This arrangement 92 functions substantially as described with reference to FIGS. 1 and 2, except that the fuel/air mixture enters the chambers 114 and 116 through the circuitous route defined by the bore 107a, the groove 107, and the bore 107b. This construction absolutely prevents ignition of the mixture stored in these chambers 114 and 116, which are therefore available to replenish the flame during the power stroke of the engine as described above. The tangential or off-radial orientation of the bore 107a causes the mixture emerging from it to swirl and to concentrate the fuel in the outer regions, just like that entering through the bores 113, so as to facilitate its combustion.

FIGS. 13 and 14 show a fifth spark-plug assembly 132 similar to that of FIGS. 6 and 7 and having an outer fitting or part 63 centered on an axis A. An insulator 64 having an electrode support 65 carrying a skew electrode 66 is mounted in the top of the fitting 63, and an insert 67a centered on the axis A is fitted into its lower end. The fitting 63 forms a chamber 81 centered on the axis A around the lower end of the insulator 64 and the support 65 and electrode 66, and has a tubular downward extension 69 formed with threads that are engaged in the cylinder wall of an internal-combustion engine.

The insert 67a has a semispherical lower end 71 centered on the axis A and defines a cylindrical interior or chamber 74 centered on the axis A and having a large-diameter upper portion 74a extending up well above the electrode 66. It is formed with an annular and outwardly open groove 84a that opens upward into the chamber 81 via eight angularly equispaced and axially extending grooves 77a. A fiber ring 134 is set into a radially outwardly open groove 133 formed in the upper portion of the insert 67a, generally blocking the grooves 77a. At its lower end the insert 67a is formed on the axis A with an axially throughgoing port 82, and therearound with four identical ports 83 extending off-radially and inclined downward.

This arrangement 132 functions substantially as described with reference to FIGS. 6 and 7, except that the fiber ring 134 effectively prevents flame from moving along the grooves 77a, which are of substantially greater flow cross section than the grooves 77. The ring 134 can be formed of metal fibers, porous ceramic, sintered metal, or any other material that will let gas and atomized fuel pass, but that will block flame.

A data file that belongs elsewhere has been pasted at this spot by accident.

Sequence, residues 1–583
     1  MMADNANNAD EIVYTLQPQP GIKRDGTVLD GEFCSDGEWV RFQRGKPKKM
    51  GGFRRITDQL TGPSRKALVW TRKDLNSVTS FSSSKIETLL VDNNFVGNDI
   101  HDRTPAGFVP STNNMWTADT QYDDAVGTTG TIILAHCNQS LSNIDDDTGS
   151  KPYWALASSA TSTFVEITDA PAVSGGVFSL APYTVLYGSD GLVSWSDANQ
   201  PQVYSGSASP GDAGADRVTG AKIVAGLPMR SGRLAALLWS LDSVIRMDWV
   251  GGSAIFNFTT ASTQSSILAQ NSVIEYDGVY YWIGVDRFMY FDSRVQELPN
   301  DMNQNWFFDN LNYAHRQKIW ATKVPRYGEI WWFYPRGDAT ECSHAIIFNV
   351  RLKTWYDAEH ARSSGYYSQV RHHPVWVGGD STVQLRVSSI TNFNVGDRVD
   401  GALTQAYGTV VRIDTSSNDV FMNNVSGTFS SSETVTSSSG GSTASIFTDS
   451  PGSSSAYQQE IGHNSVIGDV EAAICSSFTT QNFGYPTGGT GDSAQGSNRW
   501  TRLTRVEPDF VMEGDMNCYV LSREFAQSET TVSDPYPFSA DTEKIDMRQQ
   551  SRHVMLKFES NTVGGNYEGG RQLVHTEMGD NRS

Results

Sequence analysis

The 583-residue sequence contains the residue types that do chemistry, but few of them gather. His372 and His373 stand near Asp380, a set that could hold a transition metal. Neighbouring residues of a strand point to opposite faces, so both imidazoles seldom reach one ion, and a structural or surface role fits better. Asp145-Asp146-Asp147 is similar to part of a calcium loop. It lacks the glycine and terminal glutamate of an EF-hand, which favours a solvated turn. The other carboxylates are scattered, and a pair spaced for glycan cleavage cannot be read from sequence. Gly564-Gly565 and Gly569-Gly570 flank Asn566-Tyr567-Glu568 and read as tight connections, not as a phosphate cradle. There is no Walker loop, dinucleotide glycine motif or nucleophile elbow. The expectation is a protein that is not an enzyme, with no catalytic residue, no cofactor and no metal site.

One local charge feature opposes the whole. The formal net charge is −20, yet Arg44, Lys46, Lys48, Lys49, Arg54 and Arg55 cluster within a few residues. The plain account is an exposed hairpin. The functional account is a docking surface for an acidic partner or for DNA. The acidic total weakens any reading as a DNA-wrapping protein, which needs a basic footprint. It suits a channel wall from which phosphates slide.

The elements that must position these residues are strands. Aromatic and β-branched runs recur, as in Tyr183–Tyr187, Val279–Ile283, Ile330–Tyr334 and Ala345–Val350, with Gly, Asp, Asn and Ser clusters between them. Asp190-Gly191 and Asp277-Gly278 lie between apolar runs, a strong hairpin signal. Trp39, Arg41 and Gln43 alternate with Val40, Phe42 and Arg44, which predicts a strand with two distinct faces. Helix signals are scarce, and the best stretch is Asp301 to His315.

The sixth assembly 162 of FIGS. 15 and 16 is similar to that of FIGS. 8 and 9 and has an outer fitting or part 93 centered on an axis A. An insert 97a here is substantially identical to the insert 97, but has a large diameter lower bore 107d equivalent to the bore 107b but provided with a porous plug 164 that functions like the ring 134 of FIGS. 13 and 14.

The use of a separate flame-blocking element as described with refernce to FIGS. 13 through 16 facilitates assembly of the unit, and prevents burning of the stored vapor charge even when the assembly is very hot.

Patent Citations
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Referenced by
Citing PatentFiling datePublication dateApplicantTitle
US4892070 *Mar 28, 1988Jan 9, 1990Dieter KuhnertTechnique and spark plug to ignite very lean fuel air mixtures, particulary for gas engines
US4987868 *May 8, 1989Jan 29, 1991Caterpillar Inc.Spark plug having an encapsulated center firing electrode gap
US5081969 *Feb 14, 1990Jan 21, 1992Electromotive, Inc.Ignition combustion pre-chamber for internal combustion engines with constant stoichiometric air-fuel mixture at ignition
US5105780 *Aug 8, 1990Apr 21, 1992Caterpillar Inc.Ignition assisting device for internal combustion engines
US5222993 *Sep 28, 1992Jun 29, 1993Gas Research InstituteIgnition system for water-cooled gas engines
US5230313 *Nov 23, 1992Jul 27, 1993Dresser-Rand CompanyGas engine cylinder head, and a method of retrofitting the head with a precombustion chamber unit
US8839762Jun 10, 2013Sep 23, 2014Woodward, Inc.Multi-chamber igniter
Classifications
U.S. Classification123/266, 123/263, 123/26, 123/256
International ClassificationF02B19/12, F02B1/04, H01T13/54
Cooperative ClassificationF02B19/12, H01T13/54, Y02T10/125, F02B1/04
European ClassificationF02B19/12, H01T13/54
Legal Events
DateCodeEventDescription
Jun 27, 1989FPExpired due to failure to pay maintenance fee
Effective date: 19890409
Apr 9, 1989LAPSLapse for failure to pay maintenance fees
Nov 8, 1988REMIMaintenance fee reminder mailed
Oct 7, 1983ASAssignment
Owner name: ROBERT BOSCH GMBH 7000 STUTTGART 1, GERMANY
Free format text: ASSIGNMENT OF ASSIGNORS INTEREST.;ASSIGNORS:BREUSER, ERICH;GROZINGER, WILHELM;LATSCH, REINHARD;AND OTHERS;REEL/FRAME:004184/0152
Effective date: 19830929